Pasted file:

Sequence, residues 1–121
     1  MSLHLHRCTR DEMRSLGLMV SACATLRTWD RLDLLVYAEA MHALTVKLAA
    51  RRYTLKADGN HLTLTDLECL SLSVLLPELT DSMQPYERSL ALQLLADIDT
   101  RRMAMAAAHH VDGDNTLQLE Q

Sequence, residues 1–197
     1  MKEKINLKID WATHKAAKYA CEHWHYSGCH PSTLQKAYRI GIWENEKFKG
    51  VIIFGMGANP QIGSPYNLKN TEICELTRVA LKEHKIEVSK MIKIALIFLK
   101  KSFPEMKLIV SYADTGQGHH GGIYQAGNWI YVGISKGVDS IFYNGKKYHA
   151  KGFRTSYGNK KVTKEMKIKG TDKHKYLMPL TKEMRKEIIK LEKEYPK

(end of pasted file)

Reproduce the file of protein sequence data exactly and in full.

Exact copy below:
Sequence, residues 1–121
     1  MSLHLHRCTR DEMRSLGLMV SACATLRTWD RLDLLVYAEA MHALTVKLAA
    51  RRYTLKADGN HLTLTDLECL SLSVLLPELT DSMQPYERSL ALQLLADIDT
   101  RRMAMAAAHH VDGDNTLQLE Q

Sequence, residues 1–197
     1  MKEKINLKID WATHKAAKYA CEHWHYSGCH PSTLQKAYRI GIWENEKFKG
    51  VIIFGMGANP QIGSPYNLKN TEICELTRVA LKEHKIEVSK MIKIALIFLK
   101  KSFPEMKLIV SYADTGQGHH GGIYQAGNWI YVGISKGVDS IFYNGKKYHA
   151  KGFRTSYGNK KVTKEMKIKG TDKHKYLMPL TKEMRKEIIK LEKEYPK